Producer: Tupac Amaru Co-Operative
Varieties: Caturra, Bourbon, Typica
Elevation: 1500-1800 meters
Drying: 8 - 10 Days on Raised Beds Under Parabolic Cover
Tasting Notes: Orange Zest, Milk Chocolate, Almond
Since before Red Fox was born, Puno’s Sandia Valley has been a constant source of inspiring producing partners and the delicious coffees they bring to the table season after season. While we’ve bought coffees from Puno every year of our nearly five-year lifespan, the relationship actually dates all the way back to 2007, when Aleco tasted a Puno coffee with mind-blowing florals and and gorgeous sweetness and had to track it down. After a 13-hour bus ride in blazing heat and humidity, he met our now-employee Tibed Yujra, became close friends, and came back to buy coffee every year.
Within the massive Sandia Valley lie many smaller valleys, each hosting unique coffee-producing communities of smallholder farmers averaging just 2.5 hectares of coffee land, including Inambari, Tupac Amaru, and San Juan del Oro. Due to a UN-led replanting project in the 80s, much of Sandia Valley grows Bourbon-variety coffee, offering an elegant, floral, honeyed, and dynamically citric character, or, alternately, a rich, full-bodied, and incredibly sweet malic red apple or pear aspect. These coffees are entirely unique to Puno, distinct from what you’ll find in other regions of Peru, and offer something for every palate.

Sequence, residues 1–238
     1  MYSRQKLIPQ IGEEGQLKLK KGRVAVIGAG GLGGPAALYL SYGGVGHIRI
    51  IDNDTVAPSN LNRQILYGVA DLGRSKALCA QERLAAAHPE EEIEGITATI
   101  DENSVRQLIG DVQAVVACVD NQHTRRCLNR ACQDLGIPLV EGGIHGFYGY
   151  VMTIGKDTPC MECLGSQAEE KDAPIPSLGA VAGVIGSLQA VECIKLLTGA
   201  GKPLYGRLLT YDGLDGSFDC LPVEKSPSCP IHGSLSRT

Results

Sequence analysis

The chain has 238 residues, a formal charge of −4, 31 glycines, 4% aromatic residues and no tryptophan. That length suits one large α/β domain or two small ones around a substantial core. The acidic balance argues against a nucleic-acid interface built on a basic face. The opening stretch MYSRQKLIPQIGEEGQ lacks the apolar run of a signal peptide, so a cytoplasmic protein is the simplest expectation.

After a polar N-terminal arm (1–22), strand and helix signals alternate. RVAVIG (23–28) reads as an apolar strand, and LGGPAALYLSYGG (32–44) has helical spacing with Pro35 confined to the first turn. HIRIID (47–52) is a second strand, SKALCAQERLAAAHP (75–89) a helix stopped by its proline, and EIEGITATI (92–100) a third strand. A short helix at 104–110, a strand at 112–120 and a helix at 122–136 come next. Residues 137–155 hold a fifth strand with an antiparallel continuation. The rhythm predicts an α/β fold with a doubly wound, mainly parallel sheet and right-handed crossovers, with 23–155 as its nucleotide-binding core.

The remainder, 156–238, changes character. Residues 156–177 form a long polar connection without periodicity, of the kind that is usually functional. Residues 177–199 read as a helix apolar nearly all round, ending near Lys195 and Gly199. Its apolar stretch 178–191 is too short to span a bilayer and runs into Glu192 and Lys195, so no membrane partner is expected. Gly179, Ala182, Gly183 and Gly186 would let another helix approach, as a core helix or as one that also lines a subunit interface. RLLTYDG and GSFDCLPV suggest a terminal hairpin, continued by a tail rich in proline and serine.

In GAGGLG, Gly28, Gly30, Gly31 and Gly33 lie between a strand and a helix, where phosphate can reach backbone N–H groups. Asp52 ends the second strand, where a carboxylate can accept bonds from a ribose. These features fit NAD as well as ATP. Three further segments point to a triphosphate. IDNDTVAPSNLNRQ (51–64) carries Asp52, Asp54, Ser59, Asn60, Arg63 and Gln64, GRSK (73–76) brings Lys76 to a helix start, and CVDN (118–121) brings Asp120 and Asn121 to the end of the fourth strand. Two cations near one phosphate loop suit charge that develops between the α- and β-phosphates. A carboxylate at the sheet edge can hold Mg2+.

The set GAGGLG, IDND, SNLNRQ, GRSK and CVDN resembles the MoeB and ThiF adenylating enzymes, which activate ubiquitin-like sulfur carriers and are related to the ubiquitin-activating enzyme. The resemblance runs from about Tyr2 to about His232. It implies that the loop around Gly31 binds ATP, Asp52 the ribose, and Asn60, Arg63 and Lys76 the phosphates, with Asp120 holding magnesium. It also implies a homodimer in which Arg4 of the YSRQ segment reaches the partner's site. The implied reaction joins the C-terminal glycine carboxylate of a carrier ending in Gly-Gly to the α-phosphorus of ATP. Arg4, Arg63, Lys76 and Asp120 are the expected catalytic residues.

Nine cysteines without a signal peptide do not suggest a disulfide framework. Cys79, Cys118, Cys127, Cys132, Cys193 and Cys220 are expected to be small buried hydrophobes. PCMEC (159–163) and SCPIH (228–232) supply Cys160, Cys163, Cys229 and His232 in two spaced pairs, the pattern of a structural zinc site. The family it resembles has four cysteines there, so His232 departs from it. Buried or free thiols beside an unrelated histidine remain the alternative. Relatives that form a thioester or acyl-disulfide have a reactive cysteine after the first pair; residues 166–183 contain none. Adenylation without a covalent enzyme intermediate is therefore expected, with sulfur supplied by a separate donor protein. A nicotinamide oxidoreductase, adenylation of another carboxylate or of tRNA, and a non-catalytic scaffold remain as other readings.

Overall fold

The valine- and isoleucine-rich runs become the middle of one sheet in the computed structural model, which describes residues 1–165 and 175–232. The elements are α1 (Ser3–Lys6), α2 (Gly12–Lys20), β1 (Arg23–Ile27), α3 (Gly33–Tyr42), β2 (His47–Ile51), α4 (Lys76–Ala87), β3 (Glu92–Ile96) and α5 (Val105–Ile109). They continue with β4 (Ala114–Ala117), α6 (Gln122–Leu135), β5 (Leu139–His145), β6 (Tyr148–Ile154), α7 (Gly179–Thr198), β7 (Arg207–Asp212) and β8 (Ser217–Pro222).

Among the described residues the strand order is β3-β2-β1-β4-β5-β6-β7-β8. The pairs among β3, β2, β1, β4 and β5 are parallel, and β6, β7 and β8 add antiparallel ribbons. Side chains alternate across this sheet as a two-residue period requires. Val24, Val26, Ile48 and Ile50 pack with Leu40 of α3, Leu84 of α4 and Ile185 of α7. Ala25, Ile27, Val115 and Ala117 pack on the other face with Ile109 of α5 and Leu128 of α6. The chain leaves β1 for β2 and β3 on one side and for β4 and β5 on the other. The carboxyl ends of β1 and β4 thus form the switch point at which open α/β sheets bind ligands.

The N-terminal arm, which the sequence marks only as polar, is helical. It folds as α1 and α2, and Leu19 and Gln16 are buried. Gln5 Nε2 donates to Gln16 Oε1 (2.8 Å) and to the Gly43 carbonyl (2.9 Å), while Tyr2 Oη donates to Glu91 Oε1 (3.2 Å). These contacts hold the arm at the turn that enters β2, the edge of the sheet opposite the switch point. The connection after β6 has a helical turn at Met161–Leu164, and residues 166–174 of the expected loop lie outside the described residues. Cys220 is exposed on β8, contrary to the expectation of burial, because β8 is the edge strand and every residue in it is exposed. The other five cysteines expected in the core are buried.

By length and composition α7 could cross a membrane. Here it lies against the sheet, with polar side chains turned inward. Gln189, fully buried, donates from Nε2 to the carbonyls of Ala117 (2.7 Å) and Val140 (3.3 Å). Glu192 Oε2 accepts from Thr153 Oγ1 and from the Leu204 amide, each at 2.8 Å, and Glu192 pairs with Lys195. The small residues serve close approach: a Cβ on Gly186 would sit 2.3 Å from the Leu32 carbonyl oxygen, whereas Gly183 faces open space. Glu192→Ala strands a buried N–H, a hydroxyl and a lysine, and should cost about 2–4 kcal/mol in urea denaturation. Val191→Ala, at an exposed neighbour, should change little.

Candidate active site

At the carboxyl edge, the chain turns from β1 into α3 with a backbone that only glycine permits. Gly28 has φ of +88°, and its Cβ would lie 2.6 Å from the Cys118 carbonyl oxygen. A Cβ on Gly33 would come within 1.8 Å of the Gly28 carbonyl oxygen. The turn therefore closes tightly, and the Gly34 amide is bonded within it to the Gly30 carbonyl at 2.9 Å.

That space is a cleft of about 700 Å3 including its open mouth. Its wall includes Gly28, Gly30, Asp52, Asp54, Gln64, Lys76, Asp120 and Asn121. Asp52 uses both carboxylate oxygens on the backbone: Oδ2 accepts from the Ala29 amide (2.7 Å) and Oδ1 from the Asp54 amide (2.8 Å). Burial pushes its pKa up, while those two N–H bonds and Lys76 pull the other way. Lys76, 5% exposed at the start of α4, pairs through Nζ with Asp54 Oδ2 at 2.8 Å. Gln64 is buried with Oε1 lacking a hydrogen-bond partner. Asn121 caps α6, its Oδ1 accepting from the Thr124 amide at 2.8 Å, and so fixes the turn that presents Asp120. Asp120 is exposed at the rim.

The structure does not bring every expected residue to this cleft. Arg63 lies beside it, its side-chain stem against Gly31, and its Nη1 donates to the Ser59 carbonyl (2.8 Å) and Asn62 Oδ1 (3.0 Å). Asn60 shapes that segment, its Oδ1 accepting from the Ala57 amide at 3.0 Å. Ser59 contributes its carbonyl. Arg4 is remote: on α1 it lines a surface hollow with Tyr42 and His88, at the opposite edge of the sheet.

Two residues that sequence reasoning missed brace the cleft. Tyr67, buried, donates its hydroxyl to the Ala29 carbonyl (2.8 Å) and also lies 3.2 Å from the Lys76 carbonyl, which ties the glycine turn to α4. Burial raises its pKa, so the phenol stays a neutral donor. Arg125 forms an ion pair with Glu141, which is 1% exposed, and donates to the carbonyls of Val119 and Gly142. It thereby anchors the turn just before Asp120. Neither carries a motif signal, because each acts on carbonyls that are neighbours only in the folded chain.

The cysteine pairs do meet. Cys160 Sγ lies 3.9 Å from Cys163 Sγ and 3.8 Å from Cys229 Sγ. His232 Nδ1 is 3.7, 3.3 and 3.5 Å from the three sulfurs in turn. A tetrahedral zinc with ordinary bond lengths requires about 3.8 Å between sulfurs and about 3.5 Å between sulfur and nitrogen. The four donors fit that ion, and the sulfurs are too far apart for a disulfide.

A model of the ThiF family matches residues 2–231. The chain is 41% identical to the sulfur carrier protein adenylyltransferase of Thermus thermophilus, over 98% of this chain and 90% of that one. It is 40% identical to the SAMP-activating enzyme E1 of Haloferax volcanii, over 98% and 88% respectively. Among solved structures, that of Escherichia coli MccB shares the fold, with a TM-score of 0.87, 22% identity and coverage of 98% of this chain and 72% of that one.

Through many ups and downs, Puno’s Sandia Valley has been a constant in our work. As some relationships within the valley have ebbed, others have grown, and the coffees have only gotten better over time. We’re excited to bring you this year’s offerings, many of which we actually bought in parchment and milled ourselves, as well as to see what the future holds for Sandia Valley and the coops within.
All of these farmers are small in terms of their landholding. The average farm size is 2.5 hectares with coffee trees as old as 8 years. Harvest period in Sandia, Puno is between July and September. They all use hand crank depulping machines, ferment in concrete tanks and wash in the same tanks. A few of them have channels for a density separation after washing. The climate can be rainy, also similar to Colombia, so many producers use parabolic beds for drying. The cooperative also offers drying services at their receiving stations meaning that they’ll dry coffee to proper moisture levels for the farmers.